Small-Business Leaders: Climate Resilience Vital to Build Back Better Plan
Monday, September 27, 2021
Corrected 9/28/21, 5 p.m. MDT. The damage figure from climate-related disasters is $6 billion, not $4 billion.
HEMPSTEAD, N.Y. -- Small-business leaders across the U.S. are calling on Congress to support the $3.5 trillion Build Back Better plan in the anticipated vote this week, and are emphasizing its solutions for climate-change.
Business Forward is a nationwide coalition of business leaders who believe the plan's proposed investments in clean energy and jobs are vital not only for economic growth, but to prevent future economic disasters for small businesses.
Jim Doyle, president of the group, said business leaders are well-suited to answer why they need climate-change solutions.
"Severe weather and extreme temperatures are spiking commodity prices, disrupting supply chains, damaging plants' equipment, and messing with consumer demand for their products," Doyle observed. "So they have very direct knowledge of the price we're paying for climate change now."
Business Forward has launched ads in a dozen U.S. districts to reach swing votes, including New York's 4th Congressional District in East New York and part of Nassau County. The Build Back Better plan proposes investments to modernize the electricity sector, improve air quality and lower residents' energy costs.
Doyle added clean energy also presents an opportunity to bring manufacturing back to the U.S.
"Many states spent tens of billions importing coal, oil and gas to power their economies," Doyle pointed out. "Renewables, solar and wind represent an opportunity to keep that money in state to essentially buy local."
According to Business Forward, New York could create a $39 billion opportunity to buy local energy if they switched to in-state renewables.
The group also found $6 billion in damage from climate-driven disasters have hit New York since Jan. 2020. Doyle argued now is a critical time to make a change.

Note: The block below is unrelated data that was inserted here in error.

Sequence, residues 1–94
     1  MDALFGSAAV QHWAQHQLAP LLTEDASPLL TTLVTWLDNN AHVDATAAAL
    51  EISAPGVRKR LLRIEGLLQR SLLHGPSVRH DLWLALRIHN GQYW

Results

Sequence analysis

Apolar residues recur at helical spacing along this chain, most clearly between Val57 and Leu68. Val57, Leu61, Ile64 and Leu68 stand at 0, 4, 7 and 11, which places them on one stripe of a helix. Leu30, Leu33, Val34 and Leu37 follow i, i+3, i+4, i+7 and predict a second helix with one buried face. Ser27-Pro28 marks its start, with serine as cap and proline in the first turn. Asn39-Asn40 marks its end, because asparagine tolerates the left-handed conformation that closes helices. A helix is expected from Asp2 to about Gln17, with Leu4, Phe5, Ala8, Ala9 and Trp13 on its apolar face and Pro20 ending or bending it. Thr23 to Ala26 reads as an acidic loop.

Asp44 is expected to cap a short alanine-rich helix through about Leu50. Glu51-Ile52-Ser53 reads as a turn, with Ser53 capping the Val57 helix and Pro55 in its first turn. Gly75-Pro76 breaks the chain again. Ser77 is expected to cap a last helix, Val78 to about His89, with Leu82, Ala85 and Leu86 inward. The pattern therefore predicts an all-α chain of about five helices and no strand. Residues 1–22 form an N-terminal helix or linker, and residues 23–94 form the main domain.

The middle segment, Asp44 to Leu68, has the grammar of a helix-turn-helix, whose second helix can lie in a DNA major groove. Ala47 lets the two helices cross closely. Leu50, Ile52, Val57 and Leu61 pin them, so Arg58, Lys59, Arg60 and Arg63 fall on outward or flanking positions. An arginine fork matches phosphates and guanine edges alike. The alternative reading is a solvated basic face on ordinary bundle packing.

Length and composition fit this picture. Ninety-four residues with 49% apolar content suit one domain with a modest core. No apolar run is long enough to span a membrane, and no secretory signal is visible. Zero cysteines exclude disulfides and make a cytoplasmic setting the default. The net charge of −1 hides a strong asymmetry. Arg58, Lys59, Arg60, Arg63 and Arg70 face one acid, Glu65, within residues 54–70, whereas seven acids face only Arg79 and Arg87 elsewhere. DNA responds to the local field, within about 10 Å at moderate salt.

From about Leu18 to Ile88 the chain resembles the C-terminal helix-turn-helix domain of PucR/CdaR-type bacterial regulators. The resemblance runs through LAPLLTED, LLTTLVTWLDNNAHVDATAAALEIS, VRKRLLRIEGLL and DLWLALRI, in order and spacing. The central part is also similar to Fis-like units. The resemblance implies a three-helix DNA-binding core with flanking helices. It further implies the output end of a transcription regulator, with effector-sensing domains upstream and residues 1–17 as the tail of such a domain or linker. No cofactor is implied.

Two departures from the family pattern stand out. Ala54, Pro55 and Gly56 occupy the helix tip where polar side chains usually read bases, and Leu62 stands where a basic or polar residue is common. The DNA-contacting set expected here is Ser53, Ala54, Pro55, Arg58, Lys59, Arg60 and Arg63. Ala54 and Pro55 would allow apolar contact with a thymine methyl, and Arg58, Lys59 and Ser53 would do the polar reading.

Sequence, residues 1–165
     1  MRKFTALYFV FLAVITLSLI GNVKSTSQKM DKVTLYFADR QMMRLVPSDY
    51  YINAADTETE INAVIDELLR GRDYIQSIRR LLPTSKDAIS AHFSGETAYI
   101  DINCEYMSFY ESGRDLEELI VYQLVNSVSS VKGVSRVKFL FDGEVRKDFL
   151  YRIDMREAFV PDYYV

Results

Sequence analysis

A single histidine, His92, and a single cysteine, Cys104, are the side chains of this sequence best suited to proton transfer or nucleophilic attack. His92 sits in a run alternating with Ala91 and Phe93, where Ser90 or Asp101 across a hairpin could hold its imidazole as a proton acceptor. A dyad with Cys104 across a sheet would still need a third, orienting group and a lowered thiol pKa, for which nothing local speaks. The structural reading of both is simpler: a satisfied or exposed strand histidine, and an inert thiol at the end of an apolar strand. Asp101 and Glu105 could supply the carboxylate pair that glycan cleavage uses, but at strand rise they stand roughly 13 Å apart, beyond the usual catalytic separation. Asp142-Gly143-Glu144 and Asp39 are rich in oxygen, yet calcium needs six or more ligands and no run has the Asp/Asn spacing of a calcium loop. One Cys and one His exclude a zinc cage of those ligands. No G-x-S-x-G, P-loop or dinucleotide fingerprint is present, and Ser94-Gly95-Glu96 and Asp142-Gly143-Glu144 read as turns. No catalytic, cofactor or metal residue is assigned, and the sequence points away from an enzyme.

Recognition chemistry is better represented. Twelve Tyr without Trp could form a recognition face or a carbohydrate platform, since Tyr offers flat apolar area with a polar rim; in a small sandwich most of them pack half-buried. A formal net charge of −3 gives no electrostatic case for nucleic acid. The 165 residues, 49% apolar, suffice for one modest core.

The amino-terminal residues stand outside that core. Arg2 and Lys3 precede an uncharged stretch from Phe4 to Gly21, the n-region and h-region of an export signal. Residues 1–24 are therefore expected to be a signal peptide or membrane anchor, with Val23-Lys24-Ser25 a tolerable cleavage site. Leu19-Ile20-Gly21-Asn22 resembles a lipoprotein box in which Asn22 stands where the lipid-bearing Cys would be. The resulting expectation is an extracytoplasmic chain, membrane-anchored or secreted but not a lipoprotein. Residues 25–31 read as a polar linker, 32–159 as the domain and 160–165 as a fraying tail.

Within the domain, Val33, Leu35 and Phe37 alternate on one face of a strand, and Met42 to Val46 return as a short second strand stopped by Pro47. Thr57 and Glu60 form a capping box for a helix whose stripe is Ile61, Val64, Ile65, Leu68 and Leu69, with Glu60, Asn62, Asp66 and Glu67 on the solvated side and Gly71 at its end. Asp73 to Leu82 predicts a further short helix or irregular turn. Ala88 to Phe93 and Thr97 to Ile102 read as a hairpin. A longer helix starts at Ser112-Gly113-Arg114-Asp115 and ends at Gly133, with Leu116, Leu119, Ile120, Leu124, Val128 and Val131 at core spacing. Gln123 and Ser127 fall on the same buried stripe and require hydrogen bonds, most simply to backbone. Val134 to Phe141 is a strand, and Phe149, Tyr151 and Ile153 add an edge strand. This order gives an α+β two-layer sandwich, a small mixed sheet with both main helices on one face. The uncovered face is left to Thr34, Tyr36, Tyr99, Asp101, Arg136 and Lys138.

"The big question people are saying is, 'Can we afford to fix this?'" Doyle remarked. "And we can't afford not to."
get more stories like this via email
COLUMBUS, Ohio -- Succession is an inevitable process for Ohio farmers, and it can also be an opportunity to re-imagine the land. Vicki Harder-…
HELENA, Mont. -- To honor the Biden administration's steps toward greater ties with tribal nations, conservation groups are calling on it to list the …
PIERRE, S.D. -- Supporters of establishing recreational marijuana in South Dakota say they're pouring all their energy into a new ballot initiative…
RICHMOND, Va. -- In central Virginia, permanent access to land is one of the biggest barriers to farming. A new land-trust model aims to secure both …
BOSTON -- This holiday season, consumer advocates are urging Commonwealth residents to consider giving gifts that don't require purchasing anything…
AUSTIN, Texas -- Supply chain delays have some holiday shoppers stressed that gifts won't be on store shelves on this "Black Friday," or won't arrive …
DETROIT -- As cold weather moves in, state agencies are working to make sure Michiganders know how to apply for the Michigan Energy Assistance …
NEW YORK -- A team of New York-based filmmakers is producing a documentary about reclaiming Indigenous heritage, told through the experiences of an 18…